Is it climate change or global warming? Does outsourcing to a developing country lead to sweatshops or opportunities for advancement?
Both in the arena of public opinion and the marketplace, firms, political groups, and non-government organizations (NGOs) are perpetually locked in framing and re-framing exercises to try and establish their view of an issue as the dominant one.
Framing happens all the time, but the stakes for firms are particularly high when they have to navigate contentious issues, such as those involving regulatory power, the environment, or a social cause.
It is also a highly fluid process tied to organizational strategy, one that intrigues Smith School of Business researcher Jean-Baptiste Litrico. “I’m really interested in how industries evolve and change towards integrating more socially relevant issues in the way they function,” says Litrico told me during an interview.
Litrico and a fellow researcher from McGill conducted a multi-pronged study on framing focusing on civil aviation. It was a good choice: airports and airlines have been under pressure from NGOs and governments to mitigate their environmental impact, particularly in North America and Europe. In a fairly short period, civil aviation evolved from a praised icon of globalization to a symbol of environmental degradation.
The researchers conducted interviews and other industry fieldwork and did a content analysis of the leading trade journal to track how two key issues — noise and emissions — were framed as they played out.
Between 1996 and 2001, the noise issue placed airports in the crosshairs. Then, between 2007 and 2010, carbon emissions was the dominant issue that forced airlines on their back heels. While the issues were different, the way they were framed by the key actors — airports and airlines — showed a similar pattern.
In the case of noise, airports originally framed the issue as an external disruptor from which the core business activity needed to be buffered. They presented it as a regulatory issue, complaining about restrictive measures imposed by local governments.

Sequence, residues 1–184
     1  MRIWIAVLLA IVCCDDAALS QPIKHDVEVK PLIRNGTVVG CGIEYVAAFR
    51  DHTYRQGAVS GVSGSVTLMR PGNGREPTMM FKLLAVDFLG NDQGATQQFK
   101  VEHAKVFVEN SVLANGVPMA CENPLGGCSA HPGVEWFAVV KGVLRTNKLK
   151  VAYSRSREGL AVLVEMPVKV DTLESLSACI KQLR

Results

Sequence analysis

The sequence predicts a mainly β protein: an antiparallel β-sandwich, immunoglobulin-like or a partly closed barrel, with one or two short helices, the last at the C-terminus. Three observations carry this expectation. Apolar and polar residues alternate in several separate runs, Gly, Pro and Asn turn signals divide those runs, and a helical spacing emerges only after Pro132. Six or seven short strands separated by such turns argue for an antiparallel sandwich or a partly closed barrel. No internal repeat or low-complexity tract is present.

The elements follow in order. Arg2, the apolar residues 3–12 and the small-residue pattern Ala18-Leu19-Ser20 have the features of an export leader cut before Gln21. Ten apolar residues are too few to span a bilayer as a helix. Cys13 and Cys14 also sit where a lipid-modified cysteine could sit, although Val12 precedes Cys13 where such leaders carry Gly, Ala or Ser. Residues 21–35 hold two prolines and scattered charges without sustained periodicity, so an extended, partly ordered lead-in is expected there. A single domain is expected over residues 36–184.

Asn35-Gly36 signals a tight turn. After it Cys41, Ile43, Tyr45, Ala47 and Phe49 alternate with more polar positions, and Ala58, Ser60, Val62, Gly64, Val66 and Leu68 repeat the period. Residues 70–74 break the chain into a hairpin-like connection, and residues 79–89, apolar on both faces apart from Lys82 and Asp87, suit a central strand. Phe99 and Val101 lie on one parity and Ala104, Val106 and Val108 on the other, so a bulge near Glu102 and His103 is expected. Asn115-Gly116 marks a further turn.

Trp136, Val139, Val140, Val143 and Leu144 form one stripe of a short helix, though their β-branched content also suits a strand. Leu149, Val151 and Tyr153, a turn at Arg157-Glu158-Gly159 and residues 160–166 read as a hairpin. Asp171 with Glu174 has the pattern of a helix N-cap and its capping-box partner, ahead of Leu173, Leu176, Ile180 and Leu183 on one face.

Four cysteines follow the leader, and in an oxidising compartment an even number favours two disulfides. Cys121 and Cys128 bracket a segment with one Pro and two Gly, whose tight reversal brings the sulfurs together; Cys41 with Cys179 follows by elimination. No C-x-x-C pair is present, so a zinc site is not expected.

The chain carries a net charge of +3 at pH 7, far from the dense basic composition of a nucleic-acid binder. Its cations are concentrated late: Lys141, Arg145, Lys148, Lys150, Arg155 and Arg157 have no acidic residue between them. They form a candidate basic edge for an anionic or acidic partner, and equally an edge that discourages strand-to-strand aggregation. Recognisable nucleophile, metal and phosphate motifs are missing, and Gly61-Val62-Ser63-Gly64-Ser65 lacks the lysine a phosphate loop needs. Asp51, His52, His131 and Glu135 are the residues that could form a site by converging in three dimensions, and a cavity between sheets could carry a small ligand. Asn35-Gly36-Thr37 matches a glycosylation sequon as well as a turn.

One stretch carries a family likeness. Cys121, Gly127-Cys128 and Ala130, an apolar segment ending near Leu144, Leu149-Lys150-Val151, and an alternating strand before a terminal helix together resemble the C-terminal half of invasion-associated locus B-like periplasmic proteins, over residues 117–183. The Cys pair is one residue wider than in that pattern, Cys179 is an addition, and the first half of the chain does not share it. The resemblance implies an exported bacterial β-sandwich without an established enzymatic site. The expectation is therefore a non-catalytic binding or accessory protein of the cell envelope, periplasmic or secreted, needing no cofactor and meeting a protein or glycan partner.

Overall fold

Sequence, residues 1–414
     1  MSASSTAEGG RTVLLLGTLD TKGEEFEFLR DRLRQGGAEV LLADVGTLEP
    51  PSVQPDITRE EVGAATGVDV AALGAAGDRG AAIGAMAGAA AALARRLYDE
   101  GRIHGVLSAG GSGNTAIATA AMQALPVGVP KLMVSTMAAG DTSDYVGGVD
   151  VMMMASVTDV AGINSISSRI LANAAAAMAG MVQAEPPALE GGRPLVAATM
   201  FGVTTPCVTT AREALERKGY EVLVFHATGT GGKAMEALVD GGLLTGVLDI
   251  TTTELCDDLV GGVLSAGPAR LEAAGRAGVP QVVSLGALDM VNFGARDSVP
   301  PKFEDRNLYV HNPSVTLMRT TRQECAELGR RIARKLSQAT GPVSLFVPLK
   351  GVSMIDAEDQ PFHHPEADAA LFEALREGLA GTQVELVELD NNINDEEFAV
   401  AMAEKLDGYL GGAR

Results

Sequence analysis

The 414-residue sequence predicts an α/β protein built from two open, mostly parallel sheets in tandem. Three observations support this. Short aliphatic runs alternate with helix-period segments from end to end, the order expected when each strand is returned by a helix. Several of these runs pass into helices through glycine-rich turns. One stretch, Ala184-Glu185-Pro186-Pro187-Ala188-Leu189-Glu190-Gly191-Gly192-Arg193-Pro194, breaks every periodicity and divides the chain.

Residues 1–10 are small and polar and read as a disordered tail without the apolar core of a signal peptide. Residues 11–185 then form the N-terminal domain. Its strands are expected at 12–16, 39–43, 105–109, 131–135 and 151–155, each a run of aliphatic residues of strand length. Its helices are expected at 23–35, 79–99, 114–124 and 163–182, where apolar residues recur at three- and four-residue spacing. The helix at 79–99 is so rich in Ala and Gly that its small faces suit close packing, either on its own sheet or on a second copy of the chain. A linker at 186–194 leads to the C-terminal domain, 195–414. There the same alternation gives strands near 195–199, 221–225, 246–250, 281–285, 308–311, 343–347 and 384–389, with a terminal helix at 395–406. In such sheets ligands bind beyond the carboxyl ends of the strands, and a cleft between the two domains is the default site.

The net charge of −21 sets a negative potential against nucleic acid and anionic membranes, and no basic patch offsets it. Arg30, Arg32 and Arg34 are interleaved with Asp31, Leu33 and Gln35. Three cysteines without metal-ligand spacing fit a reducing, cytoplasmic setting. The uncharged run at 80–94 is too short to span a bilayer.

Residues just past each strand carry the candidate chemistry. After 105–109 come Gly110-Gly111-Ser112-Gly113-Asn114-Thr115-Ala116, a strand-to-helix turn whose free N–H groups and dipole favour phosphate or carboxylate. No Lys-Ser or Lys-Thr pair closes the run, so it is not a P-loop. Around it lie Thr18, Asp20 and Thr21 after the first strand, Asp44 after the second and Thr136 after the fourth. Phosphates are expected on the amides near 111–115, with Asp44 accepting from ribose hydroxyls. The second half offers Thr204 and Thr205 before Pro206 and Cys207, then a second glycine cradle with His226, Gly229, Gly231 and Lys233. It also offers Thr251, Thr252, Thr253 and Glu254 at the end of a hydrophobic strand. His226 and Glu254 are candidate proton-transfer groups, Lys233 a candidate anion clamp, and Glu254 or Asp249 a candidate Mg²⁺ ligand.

Over time, this denial gave way to an openness to substantive change. Airports eventually came to view noise as an operational issue and some proudly announced steps to discourage night traffic and reduce aircraft noise. “In other words, their framing shifted from buffering, or resistance of the issue, to integration, or acceptance and proactive engagement,” Litrico says.
The noise controversy subsided in 2001 when a new noise standard was adopted by the International Civil Aviation Organization and stronger noise abatement procedures were put in place.
This buffering-integrating framing dynamic played out in similar fashion with the carbon emissions issue, this time with airlines in the driver’s seat. Airlines early on felt directly targeted by growing public awareness of the carbon impact of flying and by the development of local carbon trading schemes in Europe, Australia, and New Zealand. They originally framed the carbon emissions issue as a threat to the sustainable growth of the industry before promising to slash their emissions.
Why did some airports and airlines eventually come to realize that resisting pressures for change was not an effective long-term strategy and thus shifted their framing of the issues? Litrico provides three reasons. The first was that they received negative moral judgments from the public — airline executives, for example, were concerned of being viewed as the next tobacco industry. The second was the looming threat of externally-imposed regulation. And the third was pressure from within the sector itself. Airports in Europe were among the stakeholders pressuring airlines to accept carbon emissions regulation.
Culture certainly plays a part in the framing process. The way issues are framed is coloured by the values and unwritten beliefs of how the world works, Litrico told me. But for many organizations, the buffering-integrating model can be a helpful way to understand why issue life cycles unfold the way they do.